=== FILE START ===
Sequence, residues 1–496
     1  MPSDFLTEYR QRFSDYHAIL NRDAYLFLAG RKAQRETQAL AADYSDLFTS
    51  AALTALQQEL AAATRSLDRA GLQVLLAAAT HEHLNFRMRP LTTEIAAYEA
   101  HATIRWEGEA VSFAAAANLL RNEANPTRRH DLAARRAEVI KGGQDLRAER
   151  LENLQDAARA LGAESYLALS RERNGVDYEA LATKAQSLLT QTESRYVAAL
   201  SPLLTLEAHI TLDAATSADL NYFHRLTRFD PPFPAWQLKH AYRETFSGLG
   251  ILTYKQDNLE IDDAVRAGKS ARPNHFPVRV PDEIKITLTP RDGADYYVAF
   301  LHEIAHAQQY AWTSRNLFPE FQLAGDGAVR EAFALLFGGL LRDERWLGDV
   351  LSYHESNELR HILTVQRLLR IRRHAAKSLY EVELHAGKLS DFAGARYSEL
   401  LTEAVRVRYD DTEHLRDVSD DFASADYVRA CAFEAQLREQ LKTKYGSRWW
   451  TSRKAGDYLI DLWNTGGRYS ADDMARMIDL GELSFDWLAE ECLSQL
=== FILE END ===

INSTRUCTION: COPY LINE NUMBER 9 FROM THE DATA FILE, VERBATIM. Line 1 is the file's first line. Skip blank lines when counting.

   351  LSYHESNELR HILTVQRLLR IRRHAAKSLY EVELHAGKLS DFAGARYSEL